First-time juvenile offenders are increasingly diverted from the justice system post-arrest. Although widely researched, programs frequently differ in how they define diversion, with two broad categories of program emerging in the literature: formal and informal diversion programs, which differ in the level of monitoring youth receive post-arrest. Reports on diversion programs frequently emphasize their relationships to recidivism, however, few describe differences between diverted and non-diverted youth. In this investigation, we 1) describe the characteristics of youth diverted after first arrest from a large, urban juvenile justice system over an 11-year span, and 2) describe demographic and criminal charge predictors of formal and informal diversion in this sample.
This was a secondary analysis of data on 22,065 Medicaid-enrolled youth arrested for the first time in one urban Indiana county between 2005 and 2016. Youth’s diversion status was identified according to their case status; decisions were made in collaboration with county juvenile justice officials and in consultation with literature on other diversion programs. To examine predictors of diversion, we performed a multinomial logistic regression with age at first arrest, gender, racial identity, and charge type as predictors of entry into informal or formal diversion programs, or court-processing. Two-way interactions between predictor variables were all entered into the model and were removed using backward deletion until only statistically significant interactions were included, with alpha < .01 to account for multiple interaction tests.
Among 22,065 youth, 7,749 (35.1%) were informally diverted and 4,041 (18.3%) entered formal diversion programs, while 10,275 (46.6%) were processed in court. Youth who were younger at first arrest (B=-.21, P<.00) white youth (compared to black youth or youth of color; B = .71, P = .01), and youth arrested under drug (B=3.1, P<.00) or status offenses (B=-2.7, P<.00) (compared with violent or property offenses) were most likely to be formally diverted. Meanwhile, younger youth (B=.18, P<.00) and female youth (compared to male youth; B=.16, P=.01) were most likely to be informally diverted. Interactions between predictors of diversion were also significant. Most significantly, female youth arrested for violent or property offenses were more likely to be diverted (either formally; B=.81, P<.00) or informally; B=.10, P<.00) compared to male youth arrested for similar offenses. Black youth and youth of color who were arrested for violent offenses were also less likely to be informally diverted (B=-.49, P<.00) compared to white youth arrested for similar offenses.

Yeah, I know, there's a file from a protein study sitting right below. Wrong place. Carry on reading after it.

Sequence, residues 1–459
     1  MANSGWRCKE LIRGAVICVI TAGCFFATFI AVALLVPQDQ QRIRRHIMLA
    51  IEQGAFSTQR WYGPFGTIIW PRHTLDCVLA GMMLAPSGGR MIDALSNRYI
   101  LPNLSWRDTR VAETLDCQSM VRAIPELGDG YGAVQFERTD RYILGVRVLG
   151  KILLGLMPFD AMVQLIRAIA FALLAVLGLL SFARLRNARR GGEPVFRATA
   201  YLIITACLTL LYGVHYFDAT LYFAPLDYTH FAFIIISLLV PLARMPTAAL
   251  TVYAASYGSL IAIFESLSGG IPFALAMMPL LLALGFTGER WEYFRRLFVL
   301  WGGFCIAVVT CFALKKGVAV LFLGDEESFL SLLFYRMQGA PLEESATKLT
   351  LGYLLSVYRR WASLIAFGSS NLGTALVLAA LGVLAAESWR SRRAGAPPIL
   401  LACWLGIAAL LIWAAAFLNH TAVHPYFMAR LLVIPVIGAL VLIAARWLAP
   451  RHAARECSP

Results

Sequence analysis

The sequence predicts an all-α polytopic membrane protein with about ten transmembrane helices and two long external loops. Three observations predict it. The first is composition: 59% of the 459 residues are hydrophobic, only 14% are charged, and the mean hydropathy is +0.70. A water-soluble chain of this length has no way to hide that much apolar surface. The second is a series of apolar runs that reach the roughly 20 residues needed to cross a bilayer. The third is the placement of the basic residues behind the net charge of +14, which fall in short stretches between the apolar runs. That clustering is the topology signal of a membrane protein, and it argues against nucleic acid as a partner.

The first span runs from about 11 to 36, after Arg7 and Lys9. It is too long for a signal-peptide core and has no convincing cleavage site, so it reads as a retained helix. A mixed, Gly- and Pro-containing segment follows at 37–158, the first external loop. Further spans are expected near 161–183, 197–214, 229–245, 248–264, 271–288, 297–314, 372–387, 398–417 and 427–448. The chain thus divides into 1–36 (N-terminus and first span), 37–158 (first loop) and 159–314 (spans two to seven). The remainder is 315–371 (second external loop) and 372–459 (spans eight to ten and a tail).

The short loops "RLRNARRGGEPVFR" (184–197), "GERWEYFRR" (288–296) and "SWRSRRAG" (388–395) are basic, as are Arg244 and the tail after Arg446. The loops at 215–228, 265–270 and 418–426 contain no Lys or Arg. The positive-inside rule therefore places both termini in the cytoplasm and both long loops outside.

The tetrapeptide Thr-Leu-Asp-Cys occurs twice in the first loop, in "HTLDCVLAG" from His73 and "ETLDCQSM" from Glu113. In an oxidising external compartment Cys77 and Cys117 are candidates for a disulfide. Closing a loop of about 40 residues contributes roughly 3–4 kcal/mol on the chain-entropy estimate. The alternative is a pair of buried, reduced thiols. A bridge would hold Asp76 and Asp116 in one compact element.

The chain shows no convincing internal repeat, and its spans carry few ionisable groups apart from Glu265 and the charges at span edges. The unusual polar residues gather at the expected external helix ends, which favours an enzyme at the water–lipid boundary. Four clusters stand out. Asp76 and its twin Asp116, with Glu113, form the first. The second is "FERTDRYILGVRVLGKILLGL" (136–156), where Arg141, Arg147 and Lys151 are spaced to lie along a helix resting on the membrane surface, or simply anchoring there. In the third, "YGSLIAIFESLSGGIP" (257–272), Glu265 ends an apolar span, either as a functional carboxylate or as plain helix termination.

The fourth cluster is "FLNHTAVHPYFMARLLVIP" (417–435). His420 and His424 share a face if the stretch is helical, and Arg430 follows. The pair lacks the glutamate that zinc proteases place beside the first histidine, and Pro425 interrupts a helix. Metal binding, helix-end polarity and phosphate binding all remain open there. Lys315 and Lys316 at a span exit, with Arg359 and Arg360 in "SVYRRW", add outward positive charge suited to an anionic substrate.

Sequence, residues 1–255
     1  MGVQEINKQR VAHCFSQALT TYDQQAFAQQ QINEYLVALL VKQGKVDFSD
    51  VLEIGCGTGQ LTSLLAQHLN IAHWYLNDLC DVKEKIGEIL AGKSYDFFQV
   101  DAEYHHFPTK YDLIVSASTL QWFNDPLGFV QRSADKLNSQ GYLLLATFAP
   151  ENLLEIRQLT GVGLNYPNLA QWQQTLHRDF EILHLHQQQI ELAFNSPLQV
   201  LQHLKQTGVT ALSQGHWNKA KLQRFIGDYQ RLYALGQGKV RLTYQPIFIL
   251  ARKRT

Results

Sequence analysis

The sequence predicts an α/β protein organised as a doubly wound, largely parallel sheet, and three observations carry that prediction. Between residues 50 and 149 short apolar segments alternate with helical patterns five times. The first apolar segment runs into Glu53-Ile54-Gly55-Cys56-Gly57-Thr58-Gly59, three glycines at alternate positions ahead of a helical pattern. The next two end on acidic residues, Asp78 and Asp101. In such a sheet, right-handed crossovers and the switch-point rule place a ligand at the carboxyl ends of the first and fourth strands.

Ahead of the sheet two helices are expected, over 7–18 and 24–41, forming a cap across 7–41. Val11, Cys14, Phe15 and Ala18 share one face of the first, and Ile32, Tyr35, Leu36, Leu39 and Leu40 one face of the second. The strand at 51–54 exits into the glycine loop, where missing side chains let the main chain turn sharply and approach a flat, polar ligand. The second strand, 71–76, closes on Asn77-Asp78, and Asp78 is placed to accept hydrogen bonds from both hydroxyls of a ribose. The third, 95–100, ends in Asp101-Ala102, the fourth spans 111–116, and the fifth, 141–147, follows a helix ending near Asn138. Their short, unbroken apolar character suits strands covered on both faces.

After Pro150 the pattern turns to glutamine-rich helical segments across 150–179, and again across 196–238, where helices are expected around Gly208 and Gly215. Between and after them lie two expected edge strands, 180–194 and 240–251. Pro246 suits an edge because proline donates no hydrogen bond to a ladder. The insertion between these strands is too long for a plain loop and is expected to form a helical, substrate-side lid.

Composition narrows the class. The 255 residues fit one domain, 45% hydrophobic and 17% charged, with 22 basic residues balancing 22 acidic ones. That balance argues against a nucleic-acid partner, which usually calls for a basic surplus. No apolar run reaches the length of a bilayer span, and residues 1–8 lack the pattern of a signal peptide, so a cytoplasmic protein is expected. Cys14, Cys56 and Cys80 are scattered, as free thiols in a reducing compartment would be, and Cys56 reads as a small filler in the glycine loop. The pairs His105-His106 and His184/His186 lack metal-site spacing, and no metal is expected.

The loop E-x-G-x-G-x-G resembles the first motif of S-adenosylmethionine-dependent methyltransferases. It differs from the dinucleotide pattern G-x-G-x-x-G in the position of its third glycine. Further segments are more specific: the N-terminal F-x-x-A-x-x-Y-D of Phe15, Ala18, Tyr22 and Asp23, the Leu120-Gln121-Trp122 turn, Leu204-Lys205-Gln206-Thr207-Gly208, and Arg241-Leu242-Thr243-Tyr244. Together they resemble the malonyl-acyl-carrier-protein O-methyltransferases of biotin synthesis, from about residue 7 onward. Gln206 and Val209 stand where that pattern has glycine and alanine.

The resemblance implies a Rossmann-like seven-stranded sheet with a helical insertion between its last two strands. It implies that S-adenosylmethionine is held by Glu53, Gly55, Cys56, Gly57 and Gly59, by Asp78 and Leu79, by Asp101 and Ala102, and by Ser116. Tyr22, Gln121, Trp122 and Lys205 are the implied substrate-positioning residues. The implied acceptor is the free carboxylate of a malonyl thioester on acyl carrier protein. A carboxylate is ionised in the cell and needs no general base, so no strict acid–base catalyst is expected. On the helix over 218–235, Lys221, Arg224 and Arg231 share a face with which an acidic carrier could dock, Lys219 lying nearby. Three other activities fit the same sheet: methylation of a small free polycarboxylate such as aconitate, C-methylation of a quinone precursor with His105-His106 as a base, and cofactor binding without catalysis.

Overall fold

Existing research suggests that formal diversion programs lead to improved behavioral health outcomes and reduce future delinquency. Meanwhile, informal diversion programs can limit deeper involvement in the criminal justice system. Given these outcomes, it is important to better understand differences in which youth get diverted, either informally or formally, and which youth are more likely to be adjudicated in court. Individual jurisdictions may differ in their guidelines on when to divert youth or may allow for significant individual decisions for police or probation officers; investigations like these may highlight problematic demographic patterns in youth diversion, allowing jurisdictions to identify and set clearer policies.
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© 2022 Published by Elsevier Inc.